Anoma is a wildcard in the class. He’s already been at three different stops (Alabama, Houston, UT-Chattanooga) before enrolling at Michigan just this month. He’s a former five-star with some insane burst, but his off-field will have to be vetted.
Gibbs carried a hapless Georgia Tech offense as best he could for two seasons before transferring to Alabama. While on the smaller side for an Alabama back at 5-foot-11, 200 pounds, he’s dynamic as can be with a level of juice they haven’t had in a while.
Charbonnet had a breakout junior season for the Bruins after transferring from Michigan last offseason. He’s got great balance for a 220-pounder and broke 69 tackles on 204 attempts.
Benton blocks on the sun in the middle of Wisconsin’s defense at 6-foot-4, 315 pounds. He’s got impressive ability to get up the field on the nose at his size. He earned a 74.9 pass-rushing grade last season.
Jarrett is a speedster that split time evenly betwen outside and the slot last year. Now he just needs to get featured more downfield as he hauled in 10 of his 17 deep targets.
McBride is on another level altogether physically from his Conference USA competition. For his career he’s averaged 5.2 yards after contact per attempt.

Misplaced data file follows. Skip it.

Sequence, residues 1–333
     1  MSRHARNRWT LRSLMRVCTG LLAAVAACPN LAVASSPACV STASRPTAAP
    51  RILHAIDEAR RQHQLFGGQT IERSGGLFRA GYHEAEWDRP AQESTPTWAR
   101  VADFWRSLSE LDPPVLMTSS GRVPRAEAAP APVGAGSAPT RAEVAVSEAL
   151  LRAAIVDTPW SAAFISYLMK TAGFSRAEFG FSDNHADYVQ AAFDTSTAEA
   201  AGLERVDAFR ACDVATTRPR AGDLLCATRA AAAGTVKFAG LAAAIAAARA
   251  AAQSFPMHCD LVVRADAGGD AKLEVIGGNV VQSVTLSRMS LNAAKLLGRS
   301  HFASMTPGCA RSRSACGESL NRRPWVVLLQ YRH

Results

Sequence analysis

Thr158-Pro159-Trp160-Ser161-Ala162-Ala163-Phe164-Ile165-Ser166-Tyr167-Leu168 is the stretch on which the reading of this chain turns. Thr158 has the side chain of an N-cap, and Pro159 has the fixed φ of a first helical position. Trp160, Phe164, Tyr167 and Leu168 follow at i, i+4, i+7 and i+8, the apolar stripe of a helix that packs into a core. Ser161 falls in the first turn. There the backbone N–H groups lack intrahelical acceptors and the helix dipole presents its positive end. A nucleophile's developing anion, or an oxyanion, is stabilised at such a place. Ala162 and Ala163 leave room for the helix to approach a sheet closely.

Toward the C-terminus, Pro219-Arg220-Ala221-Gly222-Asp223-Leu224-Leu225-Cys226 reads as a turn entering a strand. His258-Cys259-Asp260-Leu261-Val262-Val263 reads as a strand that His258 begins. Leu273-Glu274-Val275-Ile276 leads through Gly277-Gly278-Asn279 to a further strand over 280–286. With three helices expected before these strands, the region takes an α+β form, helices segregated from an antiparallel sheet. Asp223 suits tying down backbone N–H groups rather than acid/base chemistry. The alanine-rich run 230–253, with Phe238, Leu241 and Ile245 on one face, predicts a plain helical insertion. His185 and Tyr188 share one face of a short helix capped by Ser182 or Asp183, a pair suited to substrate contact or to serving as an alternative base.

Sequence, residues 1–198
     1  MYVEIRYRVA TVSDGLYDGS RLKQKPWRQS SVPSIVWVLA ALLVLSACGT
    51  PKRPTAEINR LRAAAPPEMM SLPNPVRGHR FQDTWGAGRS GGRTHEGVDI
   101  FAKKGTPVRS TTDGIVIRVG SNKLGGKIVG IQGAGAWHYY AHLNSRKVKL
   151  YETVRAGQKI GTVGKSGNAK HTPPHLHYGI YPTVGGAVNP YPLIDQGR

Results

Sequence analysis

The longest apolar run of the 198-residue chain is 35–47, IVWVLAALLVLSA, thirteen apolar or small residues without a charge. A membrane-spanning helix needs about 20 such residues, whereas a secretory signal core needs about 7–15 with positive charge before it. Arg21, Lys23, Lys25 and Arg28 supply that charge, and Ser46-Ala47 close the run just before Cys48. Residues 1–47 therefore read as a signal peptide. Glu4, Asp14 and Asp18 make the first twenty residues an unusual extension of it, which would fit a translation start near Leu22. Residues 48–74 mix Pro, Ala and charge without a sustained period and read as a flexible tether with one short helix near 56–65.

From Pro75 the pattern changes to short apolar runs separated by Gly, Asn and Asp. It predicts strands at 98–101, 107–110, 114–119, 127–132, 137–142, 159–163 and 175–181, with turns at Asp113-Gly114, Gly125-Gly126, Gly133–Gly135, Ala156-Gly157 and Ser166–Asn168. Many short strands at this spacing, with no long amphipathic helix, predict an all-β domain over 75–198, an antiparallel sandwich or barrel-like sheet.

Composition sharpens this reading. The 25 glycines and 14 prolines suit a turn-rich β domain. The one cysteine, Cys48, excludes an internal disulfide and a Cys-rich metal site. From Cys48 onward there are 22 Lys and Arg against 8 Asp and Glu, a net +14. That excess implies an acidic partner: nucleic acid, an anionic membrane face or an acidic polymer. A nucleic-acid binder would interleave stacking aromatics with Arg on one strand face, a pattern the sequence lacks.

94. EDGE TYREE WILSON, TEXAS TECH (RS SENIOR)
Tyree Wilson is a prospect on the rise because of what his physical tools could be molded into. He’s explosive off the line for a 6-foot-6, 272 pound edge. That’s a handful for anyone to block. Wilson runs hot and cold, though, and only earned a 72.7 grade last season.
Bergeron has a very solid all-around tackle profile. He may not “wow” you, but he’s exceedingly consistent. He only allowed 11 pressures on 378 pass-blocking snaps last season.
Gonzalez is a long and rangey corner who’s just starting to figure it out. At 6-foot-2, 201 pounds he doesn’t have any of the clunkiness you expect from a taller corner. Now we just need to see more plays on the football as he’s yet to have an interception in his career and had only four pass-breakups on 55 targets last season.
97. EDGE DERICK HALL, AUBURN (SENIOR)
Hall’s linear explosion is NFL-caliber. The problem is he relies on that a little too much and lacks counters in his pass-rushing arsenal. Still, he put up an 81.2 pass-rushing grade last season.
Davis had a stellar true freshman year in 2019 that saw him earn a 79.6 overall grade on 549 snaps. He’s only played 516 snaps since, however, as injuries struck. He may not even have his full-time role back this season with how talented Clemson’s defensive line is.
The number 1 player on Bruce Feldman’s Freaks List, Smith can really move for a 337-pounder. Now he just needs to defeat blocks more consistently as he only earned a 75.6 overall grade last season.
100. EDGE DEVERE LEVELSTON, SMU (SENIOR)
Levelston is a long 6-foo-5, 266 pound edge defender with some inside-outside versatility. He earned an 82.4 pass-rushing grade for the Mustangs in his first season as a starter in 2021.